By JESSICA MINTZ (AP Technology Writer)
From Associated Press
April 29, 2009 1:19 AM EDT
SEATTLE – Weeks before the U.S. Centers for Disease Control and Prevention and the World Health Organization alerted the public to a growing number of swine flu cases, a startup based in Seattle’s suburbs already had a hunch something was up.

Veratect Inc., a 2-year-old company with fewer than 50 employees, combines computer algorithms with human analysts to monitor online and off-line sources for hints of disease outbreaks and civil unrest worldwide. It tracks thousands of “events” each month – an odd case of respiratory illness, or a run on over-the-counter medicines, for example – then ranks them for severity and posts them on a subscription-only Web portal for clients who want early warnings.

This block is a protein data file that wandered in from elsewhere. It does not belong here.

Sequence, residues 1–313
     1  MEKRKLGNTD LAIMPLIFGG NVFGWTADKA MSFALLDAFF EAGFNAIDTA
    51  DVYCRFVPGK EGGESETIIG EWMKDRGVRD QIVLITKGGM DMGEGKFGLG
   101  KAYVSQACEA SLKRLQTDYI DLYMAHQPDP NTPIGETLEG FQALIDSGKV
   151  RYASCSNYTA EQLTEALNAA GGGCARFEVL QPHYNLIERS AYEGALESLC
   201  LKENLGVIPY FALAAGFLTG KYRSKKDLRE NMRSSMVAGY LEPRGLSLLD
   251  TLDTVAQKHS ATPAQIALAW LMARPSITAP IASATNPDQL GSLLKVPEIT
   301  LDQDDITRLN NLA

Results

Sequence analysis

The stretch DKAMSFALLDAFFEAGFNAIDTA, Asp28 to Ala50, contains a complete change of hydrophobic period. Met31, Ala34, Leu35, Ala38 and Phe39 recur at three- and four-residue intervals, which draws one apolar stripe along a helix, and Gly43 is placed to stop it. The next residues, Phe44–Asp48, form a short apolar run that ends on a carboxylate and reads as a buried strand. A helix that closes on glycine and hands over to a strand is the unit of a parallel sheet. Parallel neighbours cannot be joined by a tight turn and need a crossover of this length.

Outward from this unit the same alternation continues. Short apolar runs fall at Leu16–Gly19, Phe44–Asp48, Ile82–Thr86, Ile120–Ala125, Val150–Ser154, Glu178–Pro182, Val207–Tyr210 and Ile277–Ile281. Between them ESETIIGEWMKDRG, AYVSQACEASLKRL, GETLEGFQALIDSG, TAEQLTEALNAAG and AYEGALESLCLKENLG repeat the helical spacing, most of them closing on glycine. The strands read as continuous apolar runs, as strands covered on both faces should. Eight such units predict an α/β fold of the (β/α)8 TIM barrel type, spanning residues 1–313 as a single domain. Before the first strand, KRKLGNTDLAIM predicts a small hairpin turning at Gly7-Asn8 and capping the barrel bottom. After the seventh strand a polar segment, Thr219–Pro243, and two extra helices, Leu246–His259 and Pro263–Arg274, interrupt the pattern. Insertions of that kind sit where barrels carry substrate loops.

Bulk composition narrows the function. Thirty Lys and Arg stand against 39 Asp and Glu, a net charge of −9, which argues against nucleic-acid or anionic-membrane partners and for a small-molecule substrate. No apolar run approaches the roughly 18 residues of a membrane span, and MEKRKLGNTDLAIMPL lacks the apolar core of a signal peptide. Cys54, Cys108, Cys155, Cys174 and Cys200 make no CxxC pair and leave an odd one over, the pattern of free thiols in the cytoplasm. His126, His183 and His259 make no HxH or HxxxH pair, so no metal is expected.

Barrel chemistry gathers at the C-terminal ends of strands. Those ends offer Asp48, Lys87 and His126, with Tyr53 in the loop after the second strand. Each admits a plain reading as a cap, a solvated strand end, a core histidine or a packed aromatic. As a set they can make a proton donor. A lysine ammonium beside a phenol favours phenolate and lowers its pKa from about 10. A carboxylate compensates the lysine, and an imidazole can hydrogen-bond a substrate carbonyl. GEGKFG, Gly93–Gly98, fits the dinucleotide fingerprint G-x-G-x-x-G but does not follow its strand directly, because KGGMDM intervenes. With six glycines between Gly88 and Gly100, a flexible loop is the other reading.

The idea fueling Veratect and similar companies is that blogs, online chat rooms, Twitter feeds and news media and government Web sites are full of data that public health agencies could use to respond faster to problems like outbreaks of swine flu.

Veratect attracted attention in recent days by publicly posting a timeline of the outbreak and publishing short reports on Twitter, where more than 4,000 people signed up to receive updates.

But skeptics question whether these companies can reliably detect meaningful signals from all the noise online or whether they are mainly good at spotting patterns in hindsight. Complicating the picture, the companies are reluctant to disclose their sources and methods.

Veratect’s chief executive, Robert Hart, says the company alerted clients to a potentially severe outbreak before the general public learned of swine flu. Veratect’s computer systems, which troll the Web for reports that seem out of the ordinary, unearthed clues, and a team of about 30 analysts, many of them multilingual holders of public health degrees, chased down the ones that seemed most alarming.

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